Bob and Jillian did make an appearance for maybe 15 minutes. I’ve seen Bob in person at our local Starbucks within the past 8 months, but I had not seen Jillian before. Both are as beautiful and caring as you would imagine.
I’m so glad we took this opportunity. Not many reality shows have episodes where audiences are allowed to be present , but we did learn this show does allow audiences to come and watch some of the challenges. I heard from other audience members that those can be 12-hours in length, depending on what’s going on. No thanks. I’ll wait for that to get chopped down to a couple of 10-minute segments when the episode airs!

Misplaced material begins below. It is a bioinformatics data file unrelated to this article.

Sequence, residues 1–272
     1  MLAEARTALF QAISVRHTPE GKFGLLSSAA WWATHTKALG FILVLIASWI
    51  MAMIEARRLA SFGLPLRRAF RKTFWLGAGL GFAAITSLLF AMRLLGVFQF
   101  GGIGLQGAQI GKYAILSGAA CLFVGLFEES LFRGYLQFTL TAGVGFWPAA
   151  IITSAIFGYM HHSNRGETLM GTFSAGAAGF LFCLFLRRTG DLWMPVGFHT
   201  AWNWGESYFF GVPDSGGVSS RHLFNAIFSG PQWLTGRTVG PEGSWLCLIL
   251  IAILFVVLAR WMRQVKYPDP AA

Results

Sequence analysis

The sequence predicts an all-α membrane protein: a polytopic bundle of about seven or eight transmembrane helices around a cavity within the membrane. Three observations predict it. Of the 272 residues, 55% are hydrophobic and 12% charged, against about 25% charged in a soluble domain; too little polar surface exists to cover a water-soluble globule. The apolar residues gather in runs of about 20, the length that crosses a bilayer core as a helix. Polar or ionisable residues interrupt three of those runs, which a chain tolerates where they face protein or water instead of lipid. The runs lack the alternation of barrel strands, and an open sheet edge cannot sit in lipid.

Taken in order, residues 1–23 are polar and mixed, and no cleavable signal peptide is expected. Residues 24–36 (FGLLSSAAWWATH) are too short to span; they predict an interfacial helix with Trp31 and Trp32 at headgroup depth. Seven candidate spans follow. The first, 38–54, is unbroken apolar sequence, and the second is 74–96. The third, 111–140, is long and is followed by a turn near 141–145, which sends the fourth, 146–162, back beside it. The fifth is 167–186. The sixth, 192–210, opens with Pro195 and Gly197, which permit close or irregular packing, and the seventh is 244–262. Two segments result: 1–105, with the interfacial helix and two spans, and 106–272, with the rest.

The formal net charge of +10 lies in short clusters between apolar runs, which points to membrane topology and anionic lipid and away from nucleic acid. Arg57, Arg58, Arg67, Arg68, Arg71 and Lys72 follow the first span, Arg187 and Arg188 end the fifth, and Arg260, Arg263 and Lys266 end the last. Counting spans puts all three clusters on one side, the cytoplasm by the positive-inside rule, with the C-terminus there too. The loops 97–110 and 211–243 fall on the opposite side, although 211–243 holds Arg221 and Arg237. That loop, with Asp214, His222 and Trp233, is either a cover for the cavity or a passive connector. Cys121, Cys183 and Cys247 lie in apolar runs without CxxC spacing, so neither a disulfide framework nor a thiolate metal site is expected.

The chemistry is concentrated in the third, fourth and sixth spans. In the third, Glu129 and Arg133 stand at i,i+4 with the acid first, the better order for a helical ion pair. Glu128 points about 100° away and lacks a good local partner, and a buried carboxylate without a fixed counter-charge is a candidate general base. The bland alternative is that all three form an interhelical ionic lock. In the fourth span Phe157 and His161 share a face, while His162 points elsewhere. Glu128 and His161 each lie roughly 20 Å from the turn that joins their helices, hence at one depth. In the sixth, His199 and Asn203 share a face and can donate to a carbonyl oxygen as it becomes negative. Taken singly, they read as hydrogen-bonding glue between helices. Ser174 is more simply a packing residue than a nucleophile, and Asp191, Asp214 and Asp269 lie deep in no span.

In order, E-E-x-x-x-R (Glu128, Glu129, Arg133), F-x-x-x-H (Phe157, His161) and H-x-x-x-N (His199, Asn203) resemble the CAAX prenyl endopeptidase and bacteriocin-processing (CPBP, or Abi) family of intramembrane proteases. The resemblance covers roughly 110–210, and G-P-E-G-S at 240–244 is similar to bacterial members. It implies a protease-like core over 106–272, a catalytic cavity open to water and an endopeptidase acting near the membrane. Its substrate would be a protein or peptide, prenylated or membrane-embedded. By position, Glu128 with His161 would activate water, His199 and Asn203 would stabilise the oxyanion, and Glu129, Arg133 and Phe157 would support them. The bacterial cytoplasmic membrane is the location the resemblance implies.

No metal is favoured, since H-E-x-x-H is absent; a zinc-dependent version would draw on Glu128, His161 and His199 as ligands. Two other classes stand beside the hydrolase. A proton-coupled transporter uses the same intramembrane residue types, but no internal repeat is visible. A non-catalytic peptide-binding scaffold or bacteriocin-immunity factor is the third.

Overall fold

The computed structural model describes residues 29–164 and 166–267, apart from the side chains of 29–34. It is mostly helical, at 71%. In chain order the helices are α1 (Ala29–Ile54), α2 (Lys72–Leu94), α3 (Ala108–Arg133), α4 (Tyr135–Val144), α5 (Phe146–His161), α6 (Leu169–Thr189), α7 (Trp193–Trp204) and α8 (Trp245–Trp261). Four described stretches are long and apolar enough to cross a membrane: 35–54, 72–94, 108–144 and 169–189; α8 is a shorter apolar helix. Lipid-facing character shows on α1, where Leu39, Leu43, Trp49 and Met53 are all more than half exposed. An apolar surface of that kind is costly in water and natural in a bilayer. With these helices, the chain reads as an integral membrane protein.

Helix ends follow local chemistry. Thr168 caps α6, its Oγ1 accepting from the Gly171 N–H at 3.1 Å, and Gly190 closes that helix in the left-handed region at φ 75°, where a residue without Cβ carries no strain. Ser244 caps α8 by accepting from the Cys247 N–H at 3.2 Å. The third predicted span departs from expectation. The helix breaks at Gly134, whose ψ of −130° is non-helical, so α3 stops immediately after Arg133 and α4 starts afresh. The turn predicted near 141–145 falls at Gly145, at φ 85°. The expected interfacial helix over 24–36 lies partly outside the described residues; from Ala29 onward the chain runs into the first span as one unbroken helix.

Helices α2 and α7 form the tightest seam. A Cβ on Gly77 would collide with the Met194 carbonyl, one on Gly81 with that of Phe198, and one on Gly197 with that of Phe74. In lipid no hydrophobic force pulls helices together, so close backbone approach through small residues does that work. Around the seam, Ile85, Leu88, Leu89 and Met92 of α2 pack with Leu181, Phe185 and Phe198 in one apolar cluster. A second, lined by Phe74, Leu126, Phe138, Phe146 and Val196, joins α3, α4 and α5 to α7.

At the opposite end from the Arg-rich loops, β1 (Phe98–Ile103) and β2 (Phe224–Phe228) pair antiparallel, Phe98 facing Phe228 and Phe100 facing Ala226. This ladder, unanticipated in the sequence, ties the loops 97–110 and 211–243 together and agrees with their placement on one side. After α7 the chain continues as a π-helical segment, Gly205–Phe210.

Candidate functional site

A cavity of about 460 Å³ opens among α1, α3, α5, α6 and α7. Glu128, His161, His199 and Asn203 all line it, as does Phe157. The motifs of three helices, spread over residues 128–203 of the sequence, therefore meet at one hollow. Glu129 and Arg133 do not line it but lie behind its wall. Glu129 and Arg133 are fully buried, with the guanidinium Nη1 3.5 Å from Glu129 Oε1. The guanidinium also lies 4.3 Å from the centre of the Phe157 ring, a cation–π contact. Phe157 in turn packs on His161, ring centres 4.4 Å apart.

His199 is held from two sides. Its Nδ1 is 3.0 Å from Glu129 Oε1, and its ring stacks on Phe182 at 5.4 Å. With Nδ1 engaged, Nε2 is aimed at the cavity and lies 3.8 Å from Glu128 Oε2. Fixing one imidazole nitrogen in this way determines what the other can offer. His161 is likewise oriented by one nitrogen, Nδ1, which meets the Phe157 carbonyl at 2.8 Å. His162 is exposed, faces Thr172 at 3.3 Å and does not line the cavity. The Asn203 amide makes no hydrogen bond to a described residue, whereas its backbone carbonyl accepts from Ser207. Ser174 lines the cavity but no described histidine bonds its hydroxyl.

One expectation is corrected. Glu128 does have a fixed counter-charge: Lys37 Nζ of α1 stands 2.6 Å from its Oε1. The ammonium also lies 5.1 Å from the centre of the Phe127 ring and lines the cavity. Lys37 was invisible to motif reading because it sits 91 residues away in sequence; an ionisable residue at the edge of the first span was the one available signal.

Would I do it again? Probably (despite being let out at 11pm on a weeknight). This show is so inspirational to me and I do believe it has a larger national impact on people’s knowledge of basic nutrition and the importance of regular exercise. I understand the criticism that the show sets up unrealistic weight loss expectations for everyday people. Few people have the resources the contestants are provided on a daily basis, both on the ranch and at home; much less 4 months to spend focusing solely on eating properly and exercising 6 hours a day (unless you get voted out before the finale). Losing 50-100 pounds in 2-3 months (which is typically what we see every season depending on gender and starting weight) would be difficult to do on your own and you would definitely want to be consulting consistently with a physician, nutritionist, physical therapist and trainer/exercise physiologist. I don’t believe this is a reason to discount the good that comes from this show. It is still education after all. What viewers choose to take from it is up to them. I choose to use it as inspiration to keep up with my training, reminders of the good choices I make and motivates me to inspire others to make healthy choices.